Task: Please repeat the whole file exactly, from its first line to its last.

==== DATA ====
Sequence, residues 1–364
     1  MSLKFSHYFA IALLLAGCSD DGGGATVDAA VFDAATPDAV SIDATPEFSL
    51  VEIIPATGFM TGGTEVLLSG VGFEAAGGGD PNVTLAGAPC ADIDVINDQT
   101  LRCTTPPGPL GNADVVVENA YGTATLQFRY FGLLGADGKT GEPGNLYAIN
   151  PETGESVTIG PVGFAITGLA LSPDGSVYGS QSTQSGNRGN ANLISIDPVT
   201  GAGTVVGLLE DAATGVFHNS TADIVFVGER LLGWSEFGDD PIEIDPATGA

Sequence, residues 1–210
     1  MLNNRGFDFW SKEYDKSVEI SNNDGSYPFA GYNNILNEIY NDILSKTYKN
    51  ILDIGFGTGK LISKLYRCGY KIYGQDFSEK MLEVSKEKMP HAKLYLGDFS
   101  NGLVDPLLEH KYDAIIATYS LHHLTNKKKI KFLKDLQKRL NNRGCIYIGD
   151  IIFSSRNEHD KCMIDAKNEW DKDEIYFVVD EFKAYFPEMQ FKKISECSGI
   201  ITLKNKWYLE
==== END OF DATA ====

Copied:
Sequence, residues 1–364
     1  MSLKFSHYFA IALLLAGCSD DGGGATVDAA VFDAATPDAV SIDATPEFSL
    51  VEIIPATGFM TGGTEVLLSG VGFEAAGGGD PNVTLAGAPC ADIDVINDQT
   101  LRCTTPPGPL GNADVVVENA YGTATLQFRY FGLLGADGKT GEPGNLYAIN
   151  PETGESVTIG PVGFAITGLA LSPDGSVYGS QSTQSGNRGN ANLISIDPVT
   201  GAGTVVGLLE DAATGVFHNS TADIVFVGER LLGWSEFGDD PIEIDPATGA

Sequence, residues 1–210
     1  MLNNRGFDFW SKEYDKSVEI SNNDGSYPFA GYNNILNEIY NDILSKTYKN
    51  ILDIGFGTGK LISKLYRCGY KIYGQDFSEK MLEVSKEKMP HAKLYLGDFS
   101  NGLVDPLLEH KYDAIIATYS LHHLTNKKKI KFLKDLQKRL NNRGCIYIGD
   151  IIFSSRNEHD KCMIDAKNEW DKDEIYFVVD EFKAYFPEMQ FKKISECSGI
   201  ITLKNKWYLE